From her office in San Jose, California, Anita Bubna, Senior Director, Treasury, Flex, is located within the heart of the cultural, financial and political centre of Silicon Valley. It’s an appropriate location for a business and finance-minded individual with very strong leanings towards technology.
Originally from India, Bubna trained as a software and systems developer before launching her own successful web design and development company. On moving to the US, she initially worked as a project manager in a web design and development firm. The dot-com crash saw her change career paths and transition to finance.
A degree in finance kick-started her move into banking as a financial analyst before joining Flex in 2010 as Treasury Analyst. Rising rapidly up the ranks of this hi-tech specialist, through five different roles, Bubna’s obvious blend of technical and personal skills propelled her into her current position as Senior Director of Treasury in October 2019. Today she holds responsibility for FX, Debt Capital Markets and special projects.
The fact that Bubna has studied well before taking on new positions suggests someone who likes to be prepared. But experience has taught her that study is just the beginning. “You can never be fully ready for a new role; you learn most by doing it, by not being afraid to take on something new and knowing that in each role you will pick up something different.” It’s this cumulative experience, and the ability to ask the right questions and learn quickly, that has allowed her to contribute optimally to any new undertaking.
Although this is part of the secret of her success, enabling her to work on some very large and complex cross-functional teams over the years, Bubna acknowledges that in some instances where she has not necessarily had the authority to get everyone on board, she has had to resort to persuasive powers to influence progress.
“In big projects, there is often a reluctance in the initial stages to move forward. I’d not always understand why when I could clearly see how a certain path would lead to positive results. But then I would realise that not everyone has the same information that I have, and so their conclusion may be different.”
From thinking that people would at some point catch up if she just left them to it, she soon realised that sharing information and understanding in the early stages is one of the most effective ways of overcoming resistance. Even if it means slower progress initially, she believes adopting this approach can prevent far more painful failure at the later stages.
With her success breeding more responsibility, often Bubna was expected to be more productive with the same resources. This made her think about the choice between taking on more but potentially being less effective, or focusing on perfecting the job in hand. Here she admits to making an early mistake.
“I thought it would be better to do a job really well, rather than take on a lot and maybe not do justice to that role.” Later she felt this was not the right conclusion because although the extra work may feel overwhelming at first, it’s possible to develop “systems that enable progress”.
Bubna’s training as a software and systems developer enables the right mindset to apply to any challenge, taking apart and re-assembling its components, rather than allowing herself to be overwhelmed by the bigger picture. “There’s almost an algorithmic thinking behind it,” she says.
By looking at every task computationally, with process inputs and outputs, her framework can be applied to almost any situation. It helps her to break down most complex projects and not take things personally when they don’t go well; very useful when other people start with different information or assumptions, she notes!
Inclusivity and connectivity
However, Bubna has also managed to move away from a totally results-driven approach, giving her a far better grasp of the human aspect of her work and how her actions affect others. “I’ve realised that it is important to slow down and check at every stage in a project to make sure that everyone has had a chance to speak up,” she explains.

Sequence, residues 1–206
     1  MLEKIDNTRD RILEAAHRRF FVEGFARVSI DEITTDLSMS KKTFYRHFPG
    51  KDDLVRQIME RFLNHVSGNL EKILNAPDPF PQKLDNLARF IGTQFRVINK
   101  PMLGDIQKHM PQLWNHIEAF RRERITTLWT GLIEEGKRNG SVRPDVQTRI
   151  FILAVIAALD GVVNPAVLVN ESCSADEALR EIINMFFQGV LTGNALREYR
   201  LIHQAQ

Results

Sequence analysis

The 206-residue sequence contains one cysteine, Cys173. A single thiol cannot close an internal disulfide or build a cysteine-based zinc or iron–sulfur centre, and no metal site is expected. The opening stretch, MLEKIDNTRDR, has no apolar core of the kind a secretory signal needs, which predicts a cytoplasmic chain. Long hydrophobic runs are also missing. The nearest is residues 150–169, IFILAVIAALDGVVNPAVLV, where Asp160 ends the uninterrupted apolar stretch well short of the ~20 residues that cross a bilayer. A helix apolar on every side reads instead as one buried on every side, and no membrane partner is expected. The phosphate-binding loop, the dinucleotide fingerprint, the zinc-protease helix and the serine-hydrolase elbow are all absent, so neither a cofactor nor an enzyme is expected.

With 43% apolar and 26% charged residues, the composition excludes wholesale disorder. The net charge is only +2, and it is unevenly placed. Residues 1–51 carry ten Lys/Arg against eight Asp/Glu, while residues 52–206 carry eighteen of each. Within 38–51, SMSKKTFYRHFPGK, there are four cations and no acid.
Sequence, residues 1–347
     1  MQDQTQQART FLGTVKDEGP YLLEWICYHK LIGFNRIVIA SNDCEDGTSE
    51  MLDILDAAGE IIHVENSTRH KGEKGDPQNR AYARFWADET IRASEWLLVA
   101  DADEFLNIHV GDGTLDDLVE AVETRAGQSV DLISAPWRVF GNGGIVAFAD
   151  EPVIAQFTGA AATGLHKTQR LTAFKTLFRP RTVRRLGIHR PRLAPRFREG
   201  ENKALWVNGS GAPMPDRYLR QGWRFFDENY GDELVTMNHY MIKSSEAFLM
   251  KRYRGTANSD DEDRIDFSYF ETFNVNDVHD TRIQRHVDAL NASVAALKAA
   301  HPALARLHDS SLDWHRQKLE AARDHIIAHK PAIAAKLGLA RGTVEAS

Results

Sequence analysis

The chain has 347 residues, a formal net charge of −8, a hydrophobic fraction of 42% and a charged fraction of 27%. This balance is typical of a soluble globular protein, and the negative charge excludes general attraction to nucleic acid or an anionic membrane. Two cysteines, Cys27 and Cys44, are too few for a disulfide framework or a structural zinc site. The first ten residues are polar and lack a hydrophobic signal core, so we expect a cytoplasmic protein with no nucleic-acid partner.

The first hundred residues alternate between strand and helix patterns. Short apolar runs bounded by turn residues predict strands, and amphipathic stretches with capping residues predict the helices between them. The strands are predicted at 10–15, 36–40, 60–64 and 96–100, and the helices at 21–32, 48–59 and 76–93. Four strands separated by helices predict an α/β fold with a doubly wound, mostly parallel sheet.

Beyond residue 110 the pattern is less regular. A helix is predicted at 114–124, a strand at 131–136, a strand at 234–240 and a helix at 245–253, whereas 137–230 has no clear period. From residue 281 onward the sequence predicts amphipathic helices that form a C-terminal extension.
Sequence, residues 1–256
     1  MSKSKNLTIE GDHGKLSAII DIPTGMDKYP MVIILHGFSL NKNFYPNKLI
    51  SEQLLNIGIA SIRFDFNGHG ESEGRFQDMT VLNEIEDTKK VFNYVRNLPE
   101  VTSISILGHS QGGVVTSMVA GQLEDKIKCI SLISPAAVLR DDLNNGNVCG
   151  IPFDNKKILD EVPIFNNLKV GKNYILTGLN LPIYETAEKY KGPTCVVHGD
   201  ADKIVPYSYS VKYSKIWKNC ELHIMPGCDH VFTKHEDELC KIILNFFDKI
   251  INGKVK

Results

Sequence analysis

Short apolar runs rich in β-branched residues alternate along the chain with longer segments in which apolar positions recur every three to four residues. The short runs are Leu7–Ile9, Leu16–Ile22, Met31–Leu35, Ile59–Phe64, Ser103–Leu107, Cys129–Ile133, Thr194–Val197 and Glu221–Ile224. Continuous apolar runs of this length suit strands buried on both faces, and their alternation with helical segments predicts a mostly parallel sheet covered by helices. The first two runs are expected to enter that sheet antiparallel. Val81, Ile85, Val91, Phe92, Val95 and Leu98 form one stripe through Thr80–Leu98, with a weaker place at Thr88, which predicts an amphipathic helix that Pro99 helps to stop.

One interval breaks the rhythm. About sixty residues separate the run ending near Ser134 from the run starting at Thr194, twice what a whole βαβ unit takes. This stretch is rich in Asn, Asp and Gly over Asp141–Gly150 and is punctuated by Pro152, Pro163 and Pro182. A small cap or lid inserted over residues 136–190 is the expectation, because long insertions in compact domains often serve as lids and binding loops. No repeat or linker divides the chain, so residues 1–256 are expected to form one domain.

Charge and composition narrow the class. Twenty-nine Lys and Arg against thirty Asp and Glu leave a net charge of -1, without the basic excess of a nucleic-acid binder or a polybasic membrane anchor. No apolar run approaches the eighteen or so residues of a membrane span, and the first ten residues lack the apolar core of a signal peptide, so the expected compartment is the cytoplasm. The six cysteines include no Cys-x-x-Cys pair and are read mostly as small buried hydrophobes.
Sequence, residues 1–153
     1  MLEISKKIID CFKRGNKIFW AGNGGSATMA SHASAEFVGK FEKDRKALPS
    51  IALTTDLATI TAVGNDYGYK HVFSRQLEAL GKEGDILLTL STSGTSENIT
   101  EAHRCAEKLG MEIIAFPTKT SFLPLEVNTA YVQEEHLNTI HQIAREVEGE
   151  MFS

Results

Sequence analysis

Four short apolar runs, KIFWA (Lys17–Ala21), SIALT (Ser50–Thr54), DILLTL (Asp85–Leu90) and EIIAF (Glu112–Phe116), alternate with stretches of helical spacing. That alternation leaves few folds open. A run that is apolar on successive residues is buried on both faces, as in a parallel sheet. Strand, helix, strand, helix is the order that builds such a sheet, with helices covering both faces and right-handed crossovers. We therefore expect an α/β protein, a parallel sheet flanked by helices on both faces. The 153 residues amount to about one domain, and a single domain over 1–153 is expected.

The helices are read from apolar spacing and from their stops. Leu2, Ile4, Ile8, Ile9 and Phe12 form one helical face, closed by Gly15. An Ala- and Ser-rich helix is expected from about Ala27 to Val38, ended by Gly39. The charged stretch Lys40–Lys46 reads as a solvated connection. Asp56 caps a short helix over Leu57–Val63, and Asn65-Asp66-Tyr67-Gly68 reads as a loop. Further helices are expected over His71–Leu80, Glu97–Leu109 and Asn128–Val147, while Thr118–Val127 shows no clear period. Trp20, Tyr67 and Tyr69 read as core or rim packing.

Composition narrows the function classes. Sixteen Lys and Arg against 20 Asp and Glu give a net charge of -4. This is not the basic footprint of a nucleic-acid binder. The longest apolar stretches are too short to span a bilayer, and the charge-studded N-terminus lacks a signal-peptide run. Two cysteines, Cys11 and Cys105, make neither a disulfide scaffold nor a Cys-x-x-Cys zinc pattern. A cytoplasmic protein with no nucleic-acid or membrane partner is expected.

Of course, she adds, the kind of environment where individuals feel comfortable commenting, and can enjoy the progress and results, needs to be created within the team; “it doesn’t happen automatically”. That sense of inclusion extends from treasury into the rest of Flex, ensuring the work of Bubna and her team has a far-reaching impact.
Its treasury department consists of connected groups covering cash management, corporate finance, FX and credit control. Combining these groups forms the heart of the organisation. But the work only begins in earnest when treasury has the right data to analyse, enabling different scenarios to be used as guidance for the whole of the business.
In a previous role in cash management, for example, she was receiving global cash balances (from Flex’s 50 banks) just once a week. Collaboration was required with the many different treasury teams dotted around the world. Throw in a holiday or a transmission issue, and a fully accurate view was not possible.
With global treasury shouldering the responsibility for providing accurate figures to senior management, change was necessary. Bubna knew that accuracy could only be assured if cash data came from connected systems. She describes this awakening as a “game-changer”.
Under the potentially crippling restrictions imposed by COVID-19, she knows that if Flex had relied upon its old fragmented processes, its cash positions (impacted by suddenly highly unpredictable revenue streams) would be largely unknowable. This could have presented a huge working capital and liquidity risk to the business. With cash positions visible in Flex’s connected global system, that risk is mitigated.
By making sure efficient ecosystems and processes are in place, treasury enables the business to secure additional liquidity. Having worked in Flex’s corporate finance group, one of Bubna’s contributions was to double the funding within its ABS and receivables financing programmes, identifying new opportunities and speeding up the onboarding of new banks.
With all the work done at that time, Flex is now reaping the benefits of scaled-up liquidity, especially in its supply chain finance programmes. Indeed, with its own suppliers facing extra financial stress at the hands of the pandemic, many more are leveraging this solution, ensuring both their business survival and the continuity of Flex’s supply chain.
When things are going well, treasury can sometimes disappear into the background. It’s only when the risk levels rise that the function comes into its own, notes Bubna. Now is such a time. “Our CEO has said she will not take any critical decisions without having the CFO in the room.”
Data front and centre